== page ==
Fall on the Farm

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If you Google Fall on the Farm, many of the results will be fall farm festivals that conjure thoughts of apple and pumpkin picking, corn mazes and hay rides. For those working in production agriculture, fall is always a busy time of year as the harvest is brought in, and the farm is readied for winter.

For grain farmers, this is the time of year when they harvest their crop. This means long hours in the combine and meals on the go. For our family, it means the end of the growing year and farm market season. We spend our evenings harvesting the last of the produce, like squash and potatoes, and picking apples from our trees. We also spend time cleaning up the gardens – feeding bat-sized zucchini to the sheep, clearing the dead vines and plants, tilling and composting. We rake leaves and pile them on our strawberries after the first frost to help insulate them.

It’s also the time of year when we breed our sheep for lambing in January and February. All of the sheep are sheared, have their hooves trimmed (pedicure time!), and are wormed. We place a marking brace on the ram that marks the ewes’ backs that have been bred. Then we turn them out together. For many who raise sheep, Fall is the season when fat lambs, or lambs that are ready to be butchered are sold.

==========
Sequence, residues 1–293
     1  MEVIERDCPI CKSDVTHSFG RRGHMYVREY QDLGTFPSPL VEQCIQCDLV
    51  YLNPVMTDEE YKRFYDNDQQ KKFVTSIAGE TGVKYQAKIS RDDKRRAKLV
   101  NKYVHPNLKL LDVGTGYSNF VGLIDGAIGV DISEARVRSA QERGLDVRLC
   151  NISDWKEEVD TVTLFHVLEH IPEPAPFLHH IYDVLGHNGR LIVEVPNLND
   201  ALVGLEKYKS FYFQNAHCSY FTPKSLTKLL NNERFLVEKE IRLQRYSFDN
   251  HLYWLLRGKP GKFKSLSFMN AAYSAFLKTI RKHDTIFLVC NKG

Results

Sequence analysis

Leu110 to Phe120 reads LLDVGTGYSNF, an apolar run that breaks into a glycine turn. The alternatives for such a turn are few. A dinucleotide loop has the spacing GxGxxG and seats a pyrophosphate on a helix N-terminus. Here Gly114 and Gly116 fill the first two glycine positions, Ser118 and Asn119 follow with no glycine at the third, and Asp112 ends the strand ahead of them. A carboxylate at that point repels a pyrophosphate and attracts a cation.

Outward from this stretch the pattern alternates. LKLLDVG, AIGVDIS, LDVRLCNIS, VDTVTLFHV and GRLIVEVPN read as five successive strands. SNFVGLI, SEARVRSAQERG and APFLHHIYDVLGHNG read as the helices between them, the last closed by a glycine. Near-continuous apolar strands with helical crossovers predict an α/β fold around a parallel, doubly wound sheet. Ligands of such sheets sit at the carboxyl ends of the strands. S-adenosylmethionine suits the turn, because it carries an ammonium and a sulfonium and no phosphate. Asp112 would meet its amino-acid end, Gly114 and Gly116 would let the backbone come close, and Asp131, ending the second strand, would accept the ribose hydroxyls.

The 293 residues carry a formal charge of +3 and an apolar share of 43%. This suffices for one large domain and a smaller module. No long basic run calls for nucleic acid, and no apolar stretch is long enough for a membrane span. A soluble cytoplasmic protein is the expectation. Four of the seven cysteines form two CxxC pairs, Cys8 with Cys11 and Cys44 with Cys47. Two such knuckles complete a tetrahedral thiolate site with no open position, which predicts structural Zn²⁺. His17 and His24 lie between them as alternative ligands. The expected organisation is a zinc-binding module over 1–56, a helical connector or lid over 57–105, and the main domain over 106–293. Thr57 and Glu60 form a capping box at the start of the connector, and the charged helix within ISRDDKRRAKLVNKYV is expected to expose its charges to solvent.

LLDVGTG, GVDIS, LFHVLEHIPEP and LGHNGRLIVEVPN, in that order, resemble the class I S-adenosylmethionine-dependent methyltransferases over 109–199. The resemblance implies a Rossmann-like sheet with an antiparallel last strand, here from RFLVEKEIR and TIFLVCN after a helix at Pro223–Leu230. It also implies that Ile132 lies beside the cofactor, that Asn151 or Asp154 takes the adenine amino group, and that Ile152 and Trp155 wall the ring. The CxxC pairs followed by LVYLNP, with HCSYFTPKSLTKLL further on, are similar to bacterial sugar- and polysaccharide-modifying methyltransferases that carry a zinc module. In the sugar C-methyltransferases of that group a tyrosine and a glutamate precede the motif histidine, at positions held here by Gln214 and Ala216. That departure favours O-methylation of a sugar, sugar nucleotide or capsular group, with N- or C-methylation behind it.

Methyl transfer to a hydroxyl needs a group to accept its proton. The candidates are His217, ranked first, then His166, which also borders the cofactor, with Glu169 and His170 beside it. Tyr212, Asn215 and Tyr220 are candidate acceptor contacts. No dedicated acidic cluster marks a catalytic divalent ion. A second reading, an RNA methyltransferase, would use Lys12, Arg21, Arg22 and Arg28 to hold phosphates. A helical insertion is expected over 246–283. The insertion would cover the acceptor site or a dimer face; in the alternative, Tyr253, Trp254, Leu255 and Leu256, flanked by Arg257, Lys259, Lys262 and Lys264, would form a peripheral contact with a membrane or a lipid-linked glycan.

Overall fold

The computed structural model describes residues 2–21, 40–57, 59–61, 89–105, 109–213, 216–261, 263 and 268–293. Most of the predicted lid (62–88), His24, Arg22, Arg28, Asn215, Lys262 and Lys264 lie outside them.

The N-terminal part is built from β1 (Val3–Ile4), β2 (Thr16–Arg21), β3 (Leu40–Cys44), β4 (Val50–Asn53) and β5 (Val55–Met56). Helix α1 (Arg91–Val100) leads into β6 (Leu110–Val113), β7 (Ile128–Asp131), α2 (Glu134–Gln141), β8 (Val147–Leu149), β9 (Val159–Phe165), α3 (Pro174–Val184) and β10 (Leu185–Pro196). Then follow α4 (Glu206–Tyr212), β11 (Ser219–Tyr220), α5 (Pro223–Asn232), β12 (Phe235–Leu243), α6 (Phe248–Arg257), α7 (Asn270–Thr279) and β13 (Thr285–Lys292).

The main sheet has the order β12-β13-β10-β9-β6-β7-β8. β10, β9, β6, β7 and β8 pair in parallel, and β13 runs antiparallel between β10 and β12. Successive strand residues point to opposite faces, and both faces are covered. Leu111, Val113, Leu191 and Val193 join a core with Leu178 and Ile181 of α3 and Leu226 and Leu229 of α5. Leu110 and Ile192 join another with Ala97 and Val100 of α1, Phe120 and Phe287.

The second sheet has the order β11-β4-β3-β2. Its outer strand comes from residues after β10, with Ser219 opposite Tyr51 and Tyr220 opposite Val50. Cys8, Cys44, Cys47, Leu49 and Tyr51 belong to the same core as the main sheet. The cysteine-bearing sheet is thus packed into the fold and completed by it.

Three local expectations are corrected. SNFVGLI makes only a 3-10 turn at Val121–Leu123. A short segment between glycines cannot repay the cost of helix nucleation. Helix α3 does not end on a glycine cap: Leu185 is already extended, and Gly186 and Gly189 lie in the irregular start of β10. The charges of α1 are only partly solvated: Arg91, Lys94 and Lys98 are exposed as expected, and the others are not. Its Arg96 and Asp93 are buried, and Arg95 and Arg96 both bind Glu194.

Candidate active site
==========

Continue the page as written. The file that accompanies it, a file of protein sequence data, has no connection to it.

For the chickens, we are cleaning out coops and laying fresh wood shavings and straw. We don’t heat our coops in the winter, but we do ensure that there is adequate insulation to store the body heat the birds give off. We intentionally raise breeds that are hardy to Minnesota, to prevent undue stress from cold weather. We also set the lights in the coops on timers to trick the birds into thinking there is longer daylight, as chickens need a minimum amount of light each day to lay an egg. Roosters we don’t intend to keep for breeding purposes are sold or butchered.

Like most families, we put away the outdoor toys, the picnic table, and lawn furniture. We winterize the lawnmower and get the snow blower ready. Our children are busy with school activities, dance class, and 4-H meetings.

We love apple picking, corn mazes, and hay rides too – once all the other work is done! Our priority each fall is to ensure our livestock and land is prepared for the winter months ahead.

Happy Fall Y’all!

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Mamie
Agriculture has been intertwined in Mamie Luhmann’s life since birth, as she was raised on a dairy farm, and was a member of both the 4-H and FFA Programs. She went to college at UWRF and earned a degree in Agricultural Education. After a semester as a high school agriculture teacher, she took a job with the UMN Extension as a 4-H Program Coordinator, and completed a Masters Degree. She met her husband Paul at the County Fair. Together they moved on to a small farm and started raising chickens, sheep, and their 2 daughters, Clara (5) and Hazel (2). Mamie is an “agvocate” and loves to teach others about agriculture and farming. Her daily adventures include collecting dozens of eggs, cleaning straw out of her washing machine, using her hair dryer to warm baby lambs, and raising 2 little girls to love livestock and farming as much as she does. When she isn’t getting her hands dirty on the farm, she’s busy with her career as a Training and Development Liaison at the Mayo Clinic. Mamie contributes to the AgStar Women in Ag Blog and also pens her own blog at Blessings Abound.

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